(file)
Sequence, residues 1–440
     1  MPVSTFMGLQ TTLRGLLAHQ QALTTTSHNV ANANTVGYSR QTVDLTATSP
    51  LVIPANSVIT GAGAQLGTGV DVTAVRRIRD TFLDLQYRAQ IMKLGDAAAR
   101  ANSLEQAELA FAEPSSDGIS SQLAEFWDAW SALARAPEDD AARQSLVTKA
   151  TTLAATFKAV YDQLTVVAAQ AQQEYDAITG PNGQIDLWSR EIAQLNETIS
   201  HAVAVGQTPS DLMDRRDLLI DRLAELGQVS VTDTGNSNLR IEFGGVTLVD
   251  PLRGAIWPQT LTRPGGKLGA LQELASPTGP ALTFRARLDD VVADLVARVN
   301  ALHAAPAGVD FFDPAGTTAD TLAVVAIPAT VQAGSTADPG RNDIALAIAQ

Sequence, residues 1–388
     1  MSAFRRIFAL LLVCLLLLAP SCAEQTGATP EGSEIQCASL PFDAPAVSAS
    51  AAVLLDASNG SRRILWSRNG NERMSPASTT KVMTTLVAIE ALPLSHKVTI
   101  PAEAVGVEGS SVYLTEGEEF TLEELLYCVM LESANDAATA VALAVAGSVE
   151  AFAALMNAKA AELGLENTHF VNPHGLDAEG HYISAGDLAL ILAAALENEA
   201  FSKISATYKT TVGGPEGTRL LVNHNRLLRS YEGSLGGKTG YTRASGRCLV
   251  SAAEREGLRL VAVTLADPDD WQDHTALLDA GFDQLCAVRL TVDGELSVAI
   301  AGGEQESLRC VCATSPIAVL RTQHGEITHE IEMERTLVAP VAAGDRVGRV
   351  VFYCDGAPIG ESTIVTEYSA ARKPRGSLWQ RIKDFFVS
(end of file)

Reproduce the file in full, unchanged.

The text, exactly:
Sequence, residues 1–440
     1  MPVSTFMGLQ TTLRGLLAHQ QALTTTSHNV ANANTVGYSR QTVDLTATSP
    51  LVIPANSVIT GAGAQLGTGV DVTAVRRIRD TFLDLQYRAQ IMKLGDAAAR
   101  ANSLEQAELA FAEPSSDGIS SQLAEFWDAW SALARAPEDD AARQSLVTKA
   151  TTLAATFKAV YDQLTVVAAQ AQQEYDAITG PNGQIDLWSR EIAQLNETIS
   201  HAVAVGQTPS DLMDRRDLLI DRLAELGQVS VTDTGNSNLR IEFGGVTLVD
   251  PLRGAIWPQT LTRPGGKLGA LQELASPTGP ALTFRARLDD VVADLVARVN
   301  ALHAAPAGVD FFDPAGTTAD TLAVVAIPAT VQAGSTADPG RNDIALAIAQ

Sequence, residues 1–388
     1  MSAFRRIFAL LLVCLLLLAP SCAEQTGATP EGSEIQCASL PFDAPAVSAS
    51  AAVLLDASNG SRRILWSRNG NERMSPASTT KVMTTLVAIE ALPLSHKVTI
   101  PAEAVGVEGS SVYLTEGEEF TLEELLYCVM LESANDAATA VALAVAGSVE
   151  AFAALMNAKA AELGLENTHF VNPHGLDAEG HYISAGDLAL ILAAALENEA
   201  FSKISATYKT TVGGPEGTRL LVNHNRLLRS YEGSLGGKTG YTRASGRCLV
   251  SAAEREGLRL VAVTLADPDD WQDHTALLDA GFDQLCAVRL TVDGELSVAI
   301  AGGEQESLRC VCATSPIAVL RTQHGEITHE IEMERTLVAP VAAGDRVGRV
   351  VFYCDGAPIG ESTIVTEYSA ARKPRGSLWQ RIKDFFVS